Thursday, March 27, 2008

TXBRA Pace Bend Road Race

I awaken slowly as rays of sun pierce the tent and highlight in little rainbows on the dew that has collected on the windows. Within moments I am sitting bolt upright and wiping at the corners of my eyes to clear away the long night listening to the drunken exploits of some campers down by the shore. I clear the fog from my slept-in contacts just in time to see that I have awoken exactly one hour later than I had planned, and precisely 45 minutes before the start of my very first road race.

After a brief moment to make certain I am dressed, I emerge from the tent to find our camping spot surrounded by cars, bikes and people. People who are already awake and warming up. I am not warming up; in fact I am not warm at all. While my fiancé sleeps soundly in the tent I forage in the trunk for my gear and head for registration. A line that appears to stretch longer than my start time looms in front of me, but I wade through the crowd and find my place in line. This is no worse than when I was racing motorcycles, and at least I won’t need to go back to the pit to fire up a generator and worry about having enough time to slap on some tire warmers…

Back at the car I beg, borrow and steal enough pins to hold two (crisp) numbers to my jersey. I’ve never done this before either so I enlist a woman standing with her husband and pray she does not draw too much blood. Luckily she’s done this all too many times herself and within minutes I am identifiable as #539 and ready to ride, if only I could make a final decision about layers and what to wear in an effort to stay warm without cooking before the checkers. My phone says it is 42 degrees as I rummage for tights. They’re at home. Minutes later I have used the free t-shirt to wipe dew off my bike, consumed a pair of bananas, filled two water bottles with Accelerade laced water and am lining up on the road for my start. Seeing as how I do not know how this will work, I decide to head straight for the back.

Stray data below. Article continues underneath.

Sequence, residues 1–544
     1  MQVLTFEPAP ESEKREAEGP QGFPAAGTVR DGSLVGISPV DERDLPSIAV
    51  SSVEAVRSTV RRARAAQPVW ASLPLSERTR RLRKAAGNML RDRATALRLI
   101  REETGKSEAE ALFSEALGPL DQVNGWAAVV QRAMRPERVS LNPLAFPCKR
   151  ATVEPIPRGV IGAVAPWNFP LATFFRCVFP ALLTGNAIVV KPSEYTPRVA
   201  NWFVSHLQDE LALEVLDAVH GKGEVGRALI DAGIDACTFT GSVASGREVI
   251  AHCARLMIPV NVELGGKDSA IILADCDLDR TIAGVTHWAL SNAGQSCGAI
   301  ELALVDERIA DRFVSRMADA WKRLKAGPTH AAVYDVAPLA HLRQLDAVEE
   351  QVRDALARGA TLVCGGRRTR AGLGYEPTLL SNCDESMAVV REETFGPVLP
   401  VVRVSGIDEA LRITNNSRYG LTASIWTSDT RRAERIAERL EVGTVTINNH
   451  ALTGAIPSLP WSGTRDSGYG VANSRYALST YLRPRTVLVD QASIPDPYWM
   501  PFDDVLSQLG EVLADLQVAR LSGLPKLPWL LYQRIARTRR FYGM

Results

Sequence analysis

My plan, much like any plan I have concocted before a bicycle race, is to pedal really hard and go faster than other people. I also plan to do very little work at the front and I figure the hills will do a nice job of keeping the pack together for most of the race. After the start I sit around the back trying to figure out what is happening, where the road goes and where the hills are located. I also spend a great deal of time looking at other people’s bicycles and am fascinated by the variety of frames I have never seen before. I ask them about their bikes, but this only serves to confuse some of them. Others, I am relieved to find, have a great sense of humor and don’t mind a little conversation as we ride. Later, some of my joking actually caused someone to drop his water bottle, for which I felt very guilty, but quickly decided to work into future races as part of my plan. If I can accomplish this on the first lap I may very well dehydrate the field before the finish!

The plan, as it were, works perfectly. I feel great, I am pedaling and I am still attached to the main pack. I noodle through the field and find that I am able to carry momentum up hills, work when I want to and close any gaps quickly. Then, on the biggest hill at Pace Bend and on the final lap of the race I decide to do something without consulting the amendments to the plan. Somebody jumps out like gangbusters and makes a bee line for the front, so I get on his wheel and we’re off for a really fast, unexpected break at the base of the biggest hill on the course. Again, the plan works perfectly until we get to the top of the hill. This is when I find out that my legs have not been informed that the finish is actually a little further down the road and my lungs are asking me to please stop inhaling nails. Luckily, this becomes a rather humorous event as a dozen people pass me, all probably wondering if the loud bang was my heart exploding or a concerned citizen putting me out of my misery. I watch and laugh as they pass by, reveling in my own stupidity. By the time we reach the final downhill corner I recover enough strength to sprint my way to a 10th place finish. On the cool down I converse with everyone and we all agree it was a safe and enjoyable race. What better way to finish than with a whole host of new friends? I can’t help being pleased with this result and attribute much of it to the training I’ve been doing with the FCS / Metro Volkswagen team in Irving. They were nice enough to take my money and provide me with a really cool jersey, brutal training rides and refresh my eagerness to make my legs and lungs feel like they’re filled with lava.

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